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Holiday

Started: 2005-11-20 20:28:47

Submitted: 2005-11-20 21:39:07

Visibility: World-readable

When Kiesa and I got married, we had to figure out whose parents we were going to spend which holidays with. We ended up spending Thanksgiving and Christmas with opposite sets of parents, and switching every year. This year we're going to Longview for Thanksgiving, and Norman for Christmas. (Sing "Norman Oklahoma" as if it were "Gary Indiana".) We're flying Frontier direct from Denver to Portland on Wednesday evening, 23 November, and returning Sunday night, 27 November. (That's flights 799 and 798, on an A32x.) Our trip through Will Rogers World Airport is another direct flight via Frontier, flying out Thursday night, 22 December, and returning Tuesday afternoon, 27 December. (Flights 4182 and 4186, on a Canadair Regional Jet 700.) I have enough PTO accrued to take the rest of the week after Christmas off, and if I don't use it by the end of the year it evaporates.

Friday evening I drove down to DIA to see Bethany and Willy as they flew to Oklahoma for Thanksgiving. (United now has a direct flight from Pasco to Denver, which makes getting to Oklahoma City a bit less painful.)


Since I'm the only engineer at my employer who groks the entire software task necessary to finish an important update to one of our standard products, I ended up as the project manager. I've never done anything like this before; since my previous boss left this summer, I've done my best to manage myself when projects were on fire, but now I have resources to marshal -- people other than me -- and coordinate, and I hope I'm up to the challenge.

All was good with my schedule for almost two weeks. Then the schedule stalled when our print head electronics failed. The best information I have now is that the RMA'd electronics were sent -- from the UK -- on Friday, a week after we knew the old electronics were having issues, so we'll probably end up with the replacement early this week. That's a week and a half turnaround, and the supplier assures us this is an "expedited" RMA. The mitigating news is that the supplier is really our customer (although it's a different division).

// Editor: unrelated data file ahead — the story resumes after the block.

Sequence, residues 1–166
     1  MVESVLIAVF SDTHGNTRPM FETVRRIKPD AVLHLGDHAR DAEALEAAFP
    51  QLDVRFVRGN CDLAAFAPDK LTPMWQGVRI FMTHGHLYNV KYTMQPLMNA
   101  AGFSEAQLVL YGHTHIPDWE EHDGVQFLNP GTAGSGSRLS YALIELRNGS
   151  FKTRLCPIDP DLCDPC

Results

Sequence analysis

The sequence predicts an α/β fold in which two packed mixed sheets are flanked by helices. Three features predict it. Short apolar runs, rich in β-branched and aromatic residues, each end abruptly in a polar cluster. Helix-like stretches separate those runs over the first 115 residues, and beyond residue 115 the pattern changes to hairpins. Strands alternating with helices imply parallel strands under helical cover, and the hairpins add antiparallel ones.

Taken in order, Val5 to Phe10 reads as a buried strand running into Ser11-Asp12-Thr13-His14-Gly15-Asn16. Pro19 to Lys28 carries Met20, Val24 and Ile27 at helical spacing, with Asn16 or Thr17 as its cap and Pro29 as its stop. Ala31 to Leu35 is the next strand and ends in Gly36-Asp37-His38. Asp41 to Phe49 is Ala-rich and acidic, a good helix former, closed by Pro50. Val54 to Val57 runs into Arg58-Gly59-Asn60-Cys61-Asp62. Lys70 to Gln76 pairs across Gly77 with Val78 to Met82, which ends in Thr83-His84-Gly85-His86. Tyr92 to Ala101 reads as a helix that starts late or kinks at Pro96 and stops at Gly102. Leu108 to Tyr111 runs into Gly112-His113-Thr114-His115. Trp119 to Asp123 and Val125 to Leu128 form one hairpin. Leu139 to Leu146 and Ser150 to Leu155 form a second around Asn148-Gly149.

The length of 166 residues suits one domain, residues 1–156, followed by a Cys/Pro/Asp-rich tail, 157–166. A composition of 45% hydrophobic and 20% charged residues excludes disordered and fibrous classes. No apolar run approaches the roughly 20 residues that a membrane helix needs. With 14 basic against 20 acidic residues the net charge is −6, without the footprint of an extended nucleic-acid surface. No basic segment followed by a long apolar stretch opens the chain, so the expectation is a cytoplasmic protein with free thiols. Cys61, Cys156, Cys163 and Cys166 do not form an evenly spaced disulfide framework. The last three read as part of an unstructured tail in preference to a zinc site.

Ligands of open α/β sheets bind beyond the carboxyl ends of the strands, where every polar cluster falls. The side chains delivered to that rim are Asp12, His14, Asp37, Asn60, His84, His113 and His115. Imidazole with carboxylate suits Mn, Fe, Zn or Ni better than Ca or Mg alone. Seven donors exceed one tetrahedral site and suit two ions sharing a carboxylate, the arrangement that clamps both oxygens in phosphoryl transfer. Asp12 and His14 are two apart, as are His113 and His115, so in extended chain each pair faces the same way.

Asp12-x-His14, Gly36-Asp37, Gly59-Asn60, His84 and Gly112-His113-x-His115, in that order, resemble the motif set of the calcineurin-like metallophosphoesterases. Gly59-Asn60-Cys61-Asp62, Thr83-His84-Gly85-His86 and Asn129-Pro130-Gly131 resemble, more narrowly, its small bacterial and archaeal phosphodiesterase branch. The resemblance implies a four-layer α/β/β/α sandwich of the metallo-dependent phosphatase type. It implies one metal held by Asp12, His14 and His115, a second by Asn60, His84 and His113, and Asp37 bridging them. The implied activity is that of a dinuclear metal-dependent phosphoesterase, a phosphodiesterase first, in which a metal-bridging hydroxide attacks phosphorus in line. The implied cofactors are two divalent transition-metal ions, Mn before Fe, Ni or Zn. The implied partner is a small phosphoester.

So with a week-and-a-half delay in the schedule, that pushes shipment back until after the new year. I don't yet have a good feel how management feels about this, but there's really only so much I can do.

The curious part is that the simple act of putting me in charge of the project means I now care about it more than I normally would.

(To avoid invoking Brooks' Law -- adding more engineers to a late project makes it later -- I put all the engineers I could get on the project in the first week. Now that the project is officially late (according to the original schedule) reclaiming those engineers won't make the project later. I hope.)


Kiesa and I drove up to Greeley last night and played Settlers of Catan until 0130. In between our two games, we decided to test a hypothesis: our host recalled reading a study in which people were given three samples of Coke and Pepsi, two of one and one of the other, and the person is asked to correctly identify each one. (Apparently doing three samples instead of two makes the whole thing harder.) Most people couldn't correctly identify the colas, but another guy and I thought we could. This required a late-night trip to Walmart to acquire the colas in question. Both of us who took the challenge correctly identified the sodas. I even managed to figure it out before I actually drunk the samples; I correctly identified them by smell.

I got to sleep in until 1130 this morning, but Kiesa wasn't quite as lucky.


Being a visual person, I'm obsessed with maps and I like to see where geocaches I might find are. The official website doesn't believe in giving out large, scrollable maps unless one pays, so I got myself a Google Maps API key and put together a Geocaching with Google Maps demo. It's still in beta; it needs front-end work, but so far I'm pretty happy with it.

like a lot of geeks, I can run risky meatspace things
through my head until a faulty value comes out that
suggests there's no need to actually do them.
- Caleb John Clark, "Linux and the Lady", Salon.com 27 September 2000